The Saratoga Sun -

Could it maybe be your problem?


Our life in the Valley is what some folks like to call bucolic. It could also be termed sedate, leisurely, and even just plain slow.

Several restaurants around the valley boast a sign that says “If you are in a hurry, you are in the wrong place.”

People who are in a hurry here are more than likely to be a little frustrated.

I remember when I moved here my bosses at the time would take me out to lunch. While I was anxious that this was regularly taking longer than an hour, my employers didn’t seem to bat an eye.

This reminds me of a Douglas Adams quote from Hitchiker’s Guide To The Galaxy: “Time is an illusion, lunchtime doubly so.”

Over the years, sometimes I got my midday meal finished within 60 minutes … sometimes not.

Eventually, I quit worrying about it and life became easier and much more pleasant.

Occasionally, you will find that getting certain services might take longer than in a larger town.

This too can happen.

My rude advice is: “Deal with it”.

When your neighbor down the road can get to your project, I have found that said project gets taken care of in the best fashion possible (even if not entirely within your favored timeframe).

If you are new to town and grouse about it too much, not only are you unnecessarily twisting your own panties, you are quite possibly ticking off the person whose service you wanted and all the people he or she knows too.

People talk around here.

Before long, you can find yourself at the business end of some less-than-friendly looks.

You might find yourself asking “What did I do to them?”

Be a jerk and, like throwing a warped rubber ball, it will come back to you from strange directions.

I like to call it “Valley Karma”.

People here are, as a whole, nicer than any I have met anywhere in my travels. Cross them though and you can find out how quickly your acceptance disappears.

That’s just human nature.

Wyoming rarely tolerates fools.

Sometimes, we just elect them.

There is one thing we can’t get enough of from newbies though.

Please, please, puh-leeze … tell us “how you did it where you’re from”.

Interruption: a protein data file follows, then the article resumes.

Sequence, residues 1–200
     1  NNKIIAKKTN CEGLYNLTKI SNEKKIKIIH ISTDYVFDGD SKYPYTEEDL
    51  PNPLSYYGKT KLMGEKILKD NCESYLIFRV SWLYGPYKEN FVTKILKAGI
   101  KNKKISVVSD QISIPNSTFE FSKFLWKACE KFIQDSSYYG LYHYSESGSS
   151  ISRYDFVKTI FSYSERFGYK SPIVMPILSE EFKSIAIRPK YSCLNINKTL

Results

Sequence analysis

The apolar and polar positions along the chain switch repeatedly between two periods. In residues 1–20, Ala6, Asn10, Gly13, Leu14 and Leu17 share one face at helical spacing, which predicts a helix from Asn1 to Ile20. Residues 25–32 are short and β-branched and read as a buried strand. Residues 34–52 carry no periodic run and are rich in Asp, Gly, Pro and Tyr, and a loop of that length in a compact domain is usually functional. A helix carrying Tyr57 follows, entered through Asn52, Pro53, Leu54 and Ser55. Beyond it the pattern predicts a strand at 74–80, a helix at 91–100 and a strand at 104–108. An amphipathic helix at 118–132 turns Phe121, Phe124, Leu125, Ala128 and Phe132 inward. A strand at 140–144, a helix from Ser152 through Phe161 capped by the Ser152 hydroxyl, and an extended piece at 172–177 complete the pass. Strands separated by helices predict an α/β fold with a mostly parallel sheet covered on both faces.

Oh, wait.

I’m pretty sure we really hate that.

This is not just a Valley thing.

This is not just a Wyoming thing.

Being from Texas, I heard the term “carpetbagger” breathed in hateful tones any time someone let us know “how we did it in (insert Yankee territory)”.

For those of you that don’t know, a carpetbagger was someone who came to the south after the Civil War seeking to profit from the financial and governmental instability. The term itself referred to the carpet bags (the era’s trendy luggage) that these individuals carried. The derogatory term is a still used today to refer to an outsider who uses fraud or manipulation to achieve their goals.

I am willing to bet this is fairly universal.

People from New York most likely don’t want to hear how it is done in Los Angeles.

Folks in Keizer, Oregon don’t care how it was done in Lady Lake, Florida1.

And everyone outside of the U.S. is sick to death of hearing how we do things in America.

You really like how it was done “back there”?

Go back there …

… and don’t let the doorknob hit you where the good Lord split you.

Don’t get me wrong. Folks from anywhere are welcome in Texas (or Wyoming for that matter) as long as you are willing to make the small, and what should be effortless, effort it requires to fit in.

As much as I am a son of Texas, I have lived in the Valley for over 20 years now without anyone making me feel alienated. Probably because I like people and try to fit in where possible and know to find someone else to talk to when it’s not.

I have called myself Wyomingite (and possibly more importantly, Saratogan) for so long now that I might even be tempted to tell someone in Texas, “Hey, that’s not how we do it in Wyoming”.

Then again ... no.

We’re nice folks here. We watch out for our own and often go out of our way to help strangers.

We wave at each other (and even folks we don’t know).

We stop to let pedestrians cross.

We visit with each other at the Post Office, the store, when voting and any other handy place (like the middle of the road).

If you haven’t gotten the main theme of this little tirade though, here it is again in as crystal-clear a form as I can put it:

If you are not fitting in here, it’s probably your fault.


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